Australia is one of the largest land masses on the planet and the sixth largest country behind Russia, Canada, the US, China and Brazil. It has a land area comprising more than 7.5 million square kilometres and is about twice the size of Europe.
While the majority of Australia’s populace lives in major coastal cities, it’s not surprising that the sheer geographical size of our country means we have a diverse housing landscape, influenced by a range of both national and local economic and social drivers.
Whether looking at capital city performance as a whole, specific suburbs or even specific streets, it’s important to acknowledge each property market has its own ebbs and flows. That is, each market has as a different cycle, subject to many combinations of factors including affordability, supply, employment and, importantly, confidence, which makes predicting future market performance tricky.
Nationally, real estate market performance has been positive in recent times. In 2014, Aussie dwelling prices increase by 8.0% overall, with this growth trend set to continue in 2015 as the market tenders a strong performance in the first quarter of the year.
However, micro level analysis reveals mixed results for Australia’s capital cities, with standout performers Sydney and Melbourne upholding the national average. According to researcher CoreLogic, Sydney dwelling values grew by a whopping 13.7% to the end of February, while Melbourne grew by a strong 7.4%. Perth and Hobart saw less impressive results with increases of just .6% and .7%, respectively in the 12 months to February.
The inconsistency between cycles in markets like Sydney and Melbourne, and even within cities, makes for confusing conditions for buyers who use macro statistics as a gauge of micro market performance.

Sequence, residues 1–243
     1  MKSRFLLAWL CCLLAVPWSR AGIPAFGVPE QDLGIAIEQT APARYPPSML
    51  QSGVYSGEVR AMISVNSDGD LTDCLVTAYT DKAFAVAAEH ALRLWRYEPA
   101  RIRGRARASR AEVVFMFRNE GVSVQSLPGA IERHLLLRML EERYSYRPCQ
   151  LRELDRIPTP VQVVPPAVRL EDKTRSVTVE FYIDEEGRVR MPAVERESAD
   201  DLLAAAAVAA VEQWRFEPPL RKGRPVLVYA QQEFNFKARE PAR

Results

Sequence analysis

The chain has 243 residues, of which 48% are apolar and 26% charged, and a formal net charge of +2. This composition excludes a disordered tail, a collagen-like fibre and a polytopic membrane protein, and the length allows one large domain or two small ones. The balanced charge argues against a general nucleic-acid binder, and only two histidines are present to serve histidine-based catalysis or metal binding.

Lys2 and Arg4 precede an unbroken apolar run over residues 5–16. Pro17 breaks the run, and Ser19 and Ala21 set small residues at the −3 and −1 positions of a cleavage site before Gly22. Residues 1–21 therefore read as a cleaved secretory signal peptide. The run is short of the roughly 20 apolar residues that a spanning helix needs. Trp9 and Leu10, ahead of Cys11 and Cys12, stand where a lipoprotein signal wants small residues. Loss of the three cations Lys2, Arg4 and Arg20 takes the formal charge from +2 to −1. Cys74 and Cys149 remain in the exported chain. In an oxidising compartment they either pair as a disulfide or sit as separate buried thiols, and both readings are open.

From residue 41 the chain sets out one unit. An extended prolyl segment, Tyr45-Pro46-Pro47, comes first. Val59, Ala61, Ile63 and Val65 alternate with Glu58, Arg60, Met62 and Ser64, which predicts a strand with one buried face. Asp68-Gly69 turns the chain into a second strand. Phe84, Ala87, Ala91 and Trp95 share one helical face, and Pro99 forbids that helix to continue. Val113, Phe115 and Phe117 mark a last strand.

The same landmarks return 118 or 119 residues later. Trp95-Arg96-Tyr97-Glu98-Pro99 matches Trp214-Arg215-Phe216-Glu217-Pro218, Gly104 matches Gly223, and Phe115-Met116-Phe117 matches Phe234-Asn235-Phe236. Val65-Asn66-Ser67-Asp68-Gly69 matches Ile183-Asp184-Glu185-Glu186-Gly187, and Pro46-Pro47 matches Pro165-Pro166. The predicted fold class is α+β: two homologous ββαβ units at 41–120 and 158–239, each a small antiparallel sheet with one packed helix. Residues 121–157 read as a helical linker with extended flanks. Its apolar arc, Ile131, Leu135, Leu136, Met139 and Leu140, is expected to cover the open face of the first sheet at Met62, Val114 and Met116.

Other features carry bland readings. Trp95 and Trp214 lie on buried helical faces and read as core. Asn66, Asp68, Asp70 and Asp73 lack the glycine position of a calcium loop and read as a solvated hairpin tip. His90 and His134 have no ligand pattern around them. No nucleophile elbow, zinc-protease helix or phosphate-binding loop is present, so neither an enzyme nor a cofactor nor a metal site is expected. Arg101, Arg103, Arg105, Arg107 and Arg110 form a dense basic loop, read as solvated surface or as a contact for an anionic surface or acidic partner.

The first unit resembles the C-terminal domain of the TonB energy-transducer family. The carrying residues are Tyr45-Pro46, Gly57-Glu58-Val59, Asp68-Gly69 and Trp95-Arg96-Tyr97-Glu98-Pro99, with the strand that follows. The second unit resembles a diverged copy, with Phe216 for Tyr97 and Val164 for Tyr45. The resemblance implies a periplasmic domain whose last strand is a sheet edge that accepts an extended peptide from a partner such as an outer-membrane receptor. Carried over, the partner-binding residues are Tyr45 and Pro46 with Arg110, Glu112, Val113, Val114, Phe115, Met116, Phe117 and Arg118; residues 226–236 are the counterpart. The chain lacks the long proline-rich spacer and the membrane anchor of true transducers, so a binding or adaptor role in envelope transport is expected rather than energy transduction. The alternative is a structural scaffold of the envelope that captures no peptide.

Unfortunately, when it comes to property, investors all too often buy based on sentiment and the latest median house data. Little consideration is given to the long-term performance history, in terms of capital growth and rental return of the individual property, a track record which typically informs future growth.
When buying property, it’s important to consider the micro factors that impact the performance of the individual asset. These include layout and floor plan functionality, style, size, age and condition, orientation, aspect and more.
History shows poor quality property is more susceptible to wider economic fluctuations than quality well-selected property. That’s because there’s only a limited supply of quality properties available to the market – during market peaks buyers vie hand over fist for these properties. In fact, in some suburbs and streets there are waiting lists to buy property in the area. Conversely, during market troughs, even though demand contracts, quality properties still benefit from demand while poorer quality properties flounder for buyers, often suffering from the vendor discounting to sell.
High-density apartment blocks are often good examples of under-performing property. History shows this property type experiences lower levels of capital growth due to greater supply, among other factors, which dampens the assets’ performance during strong periods and considerably more so during a downturn.
Due to the complexity and uniqueness of each market there is no simple way to gauge performance. Instead, thoughtful consideration of the individual performance of a property will aid you with selecting a property that performs today and in the future.